The Unexpected Meaning Of The Word 'Carbonara'

When it comes to Roman pasta, carbonara is in the big four. According to MasterClass, the creamy, egg-based pasta holds rank amongst amatriciana, gricia, and cacio e pepe. A classic Roman carbonara sauce is made by mixing pasta water, egg yolks, cheese, pepper, and guanciale (or pork cheek). If you are vegetarian or need to stay kosher, try swapping out guanciale for zucchini to enjoy it the way they do in Rome's Jewish quarter (via La Cucina Italiana). Or if you're a fan of ultra-savory breakfasts, consider making a breakfast carbonara in lieu of scrambled eggs.

Carbonara is so engrained in Roman culture that CN Traveler says it's "the one dish you should always order in Rome." This suggestion is especially fitting, given the various narratives that surround the dish's origins. One particularly popular narrative posits that carbonara originated around WWII, during the Allies occupation of Italy. The story goes that a local Italian restaurant, hoping to appease U.S. servicemen desperate for bacon and eggs, combined the closest available ingredients with pasta, because ... it's still Rome.

Carbonara's possible connection to coal workers

Another hypothesis hones in on the dish's name. According to La Cucina Italiana, carbonara relates to the Italian word carbonaro, which translates to "coal burner." The linguistic connection between the pasta and coal has led many Italians to believe carbonara originated as a filling, easy-to-make dish that was first intended for men working outdoors. Cooking School Italy further outlines this theory, dubbing it the "Apennine Hypothesis." This belief posits that charcoal burners (carbonari) invented carbonara with ingredients that were easy to find in Italy.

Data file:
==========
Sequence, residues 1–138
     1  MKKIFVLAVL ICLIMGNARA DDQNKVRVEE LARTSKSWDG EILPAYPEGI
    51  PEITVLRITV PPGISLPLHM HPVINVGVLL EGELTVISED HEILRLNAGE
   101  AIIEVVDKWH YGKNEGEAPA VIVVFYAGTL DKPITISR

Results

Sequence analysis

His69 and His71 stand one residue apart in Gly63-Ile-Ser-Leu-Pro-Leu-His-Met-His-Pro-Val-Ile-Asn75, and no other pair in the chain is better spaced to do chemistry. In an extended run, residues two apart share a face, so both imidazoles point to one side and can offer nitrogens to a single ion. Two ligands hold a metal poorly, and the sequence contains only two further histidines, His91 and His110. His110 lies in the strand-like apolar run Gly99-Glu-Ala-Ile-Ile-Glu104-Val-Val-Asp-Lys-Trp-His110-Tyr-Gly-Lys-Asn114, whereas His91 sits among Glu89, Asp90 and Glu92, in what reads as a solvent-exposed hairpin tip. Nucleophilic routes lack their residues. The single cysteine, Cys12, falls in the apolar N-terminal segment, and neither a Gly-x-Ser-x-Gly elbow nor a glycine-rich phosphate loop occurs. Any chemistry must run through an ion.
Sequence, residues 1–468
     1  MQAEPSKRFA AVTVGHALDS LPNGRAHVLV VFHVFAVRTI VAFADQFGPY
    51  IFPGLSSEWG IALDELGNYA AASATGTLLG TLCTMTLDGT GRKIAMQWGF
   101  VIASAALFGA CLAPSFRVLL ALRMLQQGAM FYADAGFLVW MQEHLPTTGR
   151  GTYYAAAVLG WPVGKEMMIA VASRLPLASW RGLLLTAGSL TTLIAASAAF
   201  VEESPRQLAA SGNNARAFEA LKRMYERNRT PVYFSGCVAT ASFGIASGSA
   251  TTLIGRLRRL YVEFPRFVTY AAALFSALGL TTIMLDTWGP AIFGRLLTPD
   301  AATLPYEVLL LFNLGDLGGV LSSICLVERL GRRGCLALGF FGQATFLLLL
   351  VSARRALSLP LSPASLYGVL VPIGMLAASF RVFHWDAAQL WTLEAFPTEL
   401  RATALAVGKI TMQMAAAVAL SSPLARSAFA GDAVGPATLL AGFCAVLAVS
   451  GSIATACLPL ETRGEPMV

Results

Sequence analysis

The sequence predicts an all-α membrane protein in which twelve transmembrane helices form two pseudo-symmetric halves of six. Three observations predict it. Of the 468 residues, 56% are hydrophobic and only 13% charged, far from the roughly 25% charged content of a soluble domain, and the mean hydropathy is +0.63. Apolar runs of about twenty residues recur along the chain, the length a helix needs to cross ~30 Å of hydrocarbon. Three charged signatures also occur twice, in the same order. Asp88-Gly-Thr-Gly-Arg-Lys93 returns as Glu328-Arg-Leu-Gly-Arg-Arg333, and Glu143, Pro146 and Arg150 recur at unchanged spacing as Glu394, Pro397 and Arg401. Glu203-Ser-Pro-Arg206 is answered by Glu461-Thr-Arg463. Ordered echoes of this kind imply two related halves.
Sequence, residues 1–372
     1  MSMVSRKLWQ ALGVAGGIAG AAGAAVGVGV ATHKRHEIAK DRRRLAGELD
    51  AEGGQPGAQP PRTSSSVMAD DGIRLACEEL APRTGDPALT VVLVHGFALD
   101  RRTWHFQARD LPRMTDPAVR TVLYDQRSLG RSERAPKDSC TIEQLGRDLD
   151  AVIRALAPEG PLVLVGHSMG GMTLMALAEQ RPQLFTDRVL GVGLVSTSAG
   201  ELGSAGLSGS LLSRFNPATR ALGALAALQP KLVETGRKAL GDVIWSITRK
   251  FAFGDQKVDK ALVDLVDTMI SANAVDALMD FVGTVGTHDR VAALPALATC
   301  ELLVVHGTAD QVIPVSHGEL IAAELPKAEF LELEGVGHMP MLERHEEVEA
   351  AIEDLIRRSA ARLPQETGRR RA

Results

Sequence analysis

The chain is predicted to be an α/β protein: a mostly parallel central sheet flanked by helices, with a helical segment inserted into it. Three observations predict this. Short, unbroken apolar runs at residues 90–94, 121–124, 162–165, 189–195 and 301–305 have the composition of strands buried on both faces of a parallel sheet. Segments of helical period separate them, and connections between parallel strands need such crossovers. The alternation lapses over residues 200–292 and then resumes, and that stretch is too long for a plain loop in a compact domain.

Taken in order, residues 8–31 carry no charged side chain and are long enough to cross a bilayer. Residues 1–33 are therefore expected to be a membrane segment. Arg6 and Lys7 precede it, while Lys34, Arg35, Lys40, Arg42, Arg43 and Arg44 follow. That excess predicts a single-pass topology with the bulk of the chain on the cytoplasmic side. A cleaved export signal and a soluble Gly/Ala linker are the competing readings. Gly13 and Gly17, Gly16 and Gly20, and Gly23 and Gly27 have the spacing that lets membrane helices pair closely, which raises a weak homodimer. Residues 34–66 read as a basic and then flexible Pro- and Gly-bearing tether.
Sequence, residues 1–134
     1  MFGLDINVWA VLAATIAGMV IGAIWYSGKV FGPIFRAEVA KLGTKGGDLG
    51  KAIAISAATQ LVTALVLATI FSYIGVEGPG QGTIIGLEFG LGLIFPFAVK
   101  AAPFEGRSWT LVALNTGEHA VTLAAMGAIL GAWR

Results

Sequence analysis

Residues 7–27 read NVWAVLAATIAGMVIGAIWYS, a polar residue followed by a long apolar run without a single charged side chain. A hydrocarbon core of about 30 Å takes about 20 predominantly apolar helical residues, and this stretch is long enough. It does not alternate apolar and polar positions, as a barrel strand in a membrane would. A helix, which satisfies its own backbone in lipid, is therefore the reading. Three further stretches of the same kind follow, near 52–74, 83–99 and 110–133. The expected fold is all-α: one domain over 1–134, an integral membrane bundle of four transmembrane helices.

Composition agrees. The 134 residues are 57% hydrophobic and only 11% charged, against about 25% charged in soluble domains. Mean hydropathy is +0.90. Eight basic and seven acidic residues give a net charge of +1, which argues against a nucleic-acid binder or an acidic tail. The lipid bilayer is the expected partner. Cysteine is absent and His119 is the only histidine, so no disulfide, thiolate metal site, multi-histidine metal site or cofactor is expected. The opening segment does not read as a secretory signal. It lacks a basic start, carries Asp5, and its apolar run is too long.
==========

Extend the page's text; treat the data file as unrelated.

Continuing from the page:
Carbonara has solidified its status as a quintessential Italian food. Whether you credit carbonara's origins to Italian coal workers or resourceful Roman restauranteur or some other theory matters not — we're just glad to have the dish! And any meal that can hold its own alongside the likes of Neapolitan pizza, cheesy risotto, and Florentine steak deserves any and all origin stories.